There were no blurred lines in court when a Los Angeles jury awarded the family of deceased singer-songwriter Marvin Gaye a $7.4 million dollar verdict after it was found that Robin Thicke and Pharrell William’s 2013 smash hit, “Blurred Lines,” sampled Gaye’s hit song, “Got to Give it Up” (1977). Thicke and Williams have been ordered to pay $1.7 and 1.6 million respectively to Gaye’s family and an additional $4 million, all of which covers profit loss and damages. “Blurred Lines” grossed $16 million in profit, netting both artist a total of about $5 million each. Rapper T.I., who was featured in the song, video, and live performances, and their record company do not owe the Gaye family anything.
The case, which joins the ranks of cases that have shaken up the recording industry in the last few years, was argued by lawyer Richard S. Busch from Nashville, Tennessee. A partner in the firm, King & Ballow, Busch believes that his status as an outsider in music industry and place of origin set him apart. Inspired by a line taken from the film, “The Devil’s Advocate” (1997), Busch identifies with Al Pacino, playing Satan playing a lawyer, who credits his success to catching people by surprise. “They don’t see me coming,” Pacino tells Keanu Reeves’ character. Likewise, Busch claims his victory is in large part due to him taking Mr. Thicke and Mr. Williams by surprised, joking that they perhaps asked themselves “Who’s this guy from Nashville, Tenn.?”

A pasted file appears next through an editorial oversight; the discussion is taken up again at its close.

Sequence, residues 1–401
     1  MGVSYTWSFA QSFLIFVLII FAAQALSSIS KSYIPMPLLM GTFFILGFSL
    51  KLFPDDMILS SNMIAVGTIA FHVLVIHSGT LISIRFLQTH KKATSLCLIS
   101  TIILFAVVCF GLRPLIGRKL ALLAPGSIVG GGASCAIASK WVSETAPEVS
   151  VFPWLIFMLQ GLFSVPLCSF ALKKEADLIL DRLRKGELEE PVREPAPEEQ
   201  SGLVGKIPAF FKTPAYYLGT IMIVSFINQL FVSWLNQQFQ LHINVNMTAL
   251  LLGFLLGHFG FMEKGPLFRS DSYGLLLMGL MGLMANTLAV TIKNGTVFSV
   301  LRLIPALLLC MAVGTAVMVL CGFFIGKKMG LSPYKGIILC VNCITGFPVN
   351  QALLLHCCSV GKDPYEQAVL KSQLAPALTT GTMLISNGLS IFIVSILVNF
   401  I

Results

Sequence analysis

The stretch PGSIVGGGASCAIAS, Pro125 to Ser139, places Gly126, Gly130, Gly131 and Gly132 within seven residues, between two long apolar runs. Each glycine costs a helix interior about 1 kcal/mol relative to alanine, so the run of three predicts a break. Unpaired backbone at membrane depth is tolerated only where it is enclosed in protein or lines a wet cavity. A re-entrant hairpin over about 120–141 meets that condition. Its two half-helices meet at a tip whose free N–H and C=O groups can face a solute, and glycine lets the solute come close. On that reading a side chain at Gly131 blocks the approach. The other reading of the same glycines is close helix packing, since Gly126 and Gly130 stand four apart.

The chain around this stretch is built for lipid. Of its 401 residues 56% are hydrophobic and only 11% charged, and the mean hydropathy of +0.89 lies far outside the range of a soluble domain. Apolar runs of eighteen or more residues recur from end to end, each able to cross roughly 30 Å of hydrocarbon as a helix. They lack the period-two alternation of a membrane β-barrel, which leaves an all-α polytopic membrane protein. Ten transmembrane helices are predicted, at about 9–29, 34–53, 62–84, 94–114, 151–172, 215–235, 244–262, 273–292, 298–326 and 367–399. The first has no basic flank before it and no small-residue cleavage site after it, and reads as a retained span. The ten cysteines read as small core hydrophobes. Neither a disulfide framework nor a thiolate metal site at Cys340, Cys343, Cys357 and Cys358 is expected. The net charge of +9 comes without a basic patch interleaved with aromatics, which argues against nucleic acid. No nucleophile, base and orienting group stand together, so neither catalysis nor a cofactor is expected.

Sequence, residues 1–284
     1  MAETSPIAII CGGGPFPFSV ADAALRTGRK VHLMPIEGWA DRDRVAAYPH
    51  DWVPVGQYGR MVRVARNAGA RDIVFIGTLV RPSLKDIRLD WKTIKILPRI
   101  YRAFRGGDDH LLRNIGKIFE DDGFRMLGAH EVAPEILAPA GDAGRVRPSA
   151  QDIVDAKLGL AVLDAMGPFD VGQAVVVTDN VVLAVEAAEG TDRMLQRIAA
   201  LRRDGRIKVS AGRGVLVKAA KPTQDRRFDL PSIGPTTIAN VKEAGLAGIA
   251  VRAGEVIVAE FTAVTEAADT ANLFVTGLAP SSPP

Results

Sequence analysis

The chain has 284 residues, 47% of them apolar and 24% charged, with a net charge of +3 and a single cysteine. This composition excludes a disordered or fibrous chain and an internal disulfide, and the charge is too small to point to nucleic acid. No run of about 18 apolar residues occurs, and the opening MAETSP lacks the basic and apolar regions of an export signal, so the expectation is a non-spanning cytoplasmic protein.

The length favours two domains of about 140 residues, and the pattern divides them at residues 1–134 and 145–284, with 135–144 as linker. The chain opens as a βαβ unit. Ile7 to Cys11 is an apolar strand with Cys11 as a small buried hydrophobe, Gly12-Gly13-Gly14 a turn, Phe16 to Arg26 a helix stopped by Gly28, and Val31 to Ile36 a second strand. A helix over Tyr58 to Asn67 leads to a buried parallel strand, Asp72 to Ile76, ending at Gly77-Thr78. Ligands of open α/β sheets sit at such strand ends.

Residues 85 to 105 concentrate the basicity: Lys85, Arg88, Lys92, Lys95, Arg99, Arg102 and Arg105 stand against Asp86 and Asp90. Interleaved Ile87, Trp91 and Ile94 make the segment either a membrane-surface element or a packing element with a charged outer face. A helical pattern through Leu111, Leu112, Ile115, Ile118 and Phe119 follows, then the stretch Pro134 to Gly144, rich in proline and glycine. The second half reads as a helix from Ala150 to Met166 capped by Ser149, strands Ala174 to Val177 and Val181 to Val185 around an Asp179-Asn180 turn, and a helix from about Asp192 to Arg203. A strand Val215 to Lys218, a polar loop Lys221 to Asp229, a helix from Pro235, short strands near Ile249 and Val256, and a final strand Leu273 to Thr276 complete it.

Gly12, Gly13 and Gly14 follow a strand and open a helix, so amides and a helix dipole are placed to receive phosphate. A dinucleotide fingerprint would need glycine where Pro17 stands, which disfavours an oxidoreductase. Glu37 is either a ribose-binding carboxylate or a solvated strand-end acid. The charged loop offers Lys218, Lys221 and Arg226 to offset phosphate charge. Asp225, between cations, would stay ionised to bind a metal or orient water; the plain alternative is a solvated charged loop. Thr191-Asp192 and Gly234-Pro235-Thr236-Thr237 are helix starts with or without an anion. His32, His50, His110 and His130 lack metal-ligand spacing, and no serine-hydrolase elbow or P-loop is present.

Marvin Gaye’s former wife, Janis Gaye, supports Busch’s claim to being a relative outsider, as it is one of the reasons that the Gaye family decided to hire Busch. But Richard Busch’s outsider status may be coming an end following the decision delivered in this case, which is said to be one of the largest damages awards for a music copyright case. What else sets this case apart? How public it has been is particularly interesting. In many similar cases, much is settled before even nearing a courtroom, an example of this includes Grammy-winning singer Sam Smith settling to add Tom Petty as one of the co-writers for “Stay With Me,” for which he won a Grammy in 2015, after Petty argued that it sounded like his song, “I Won’t Back Down” (1989).
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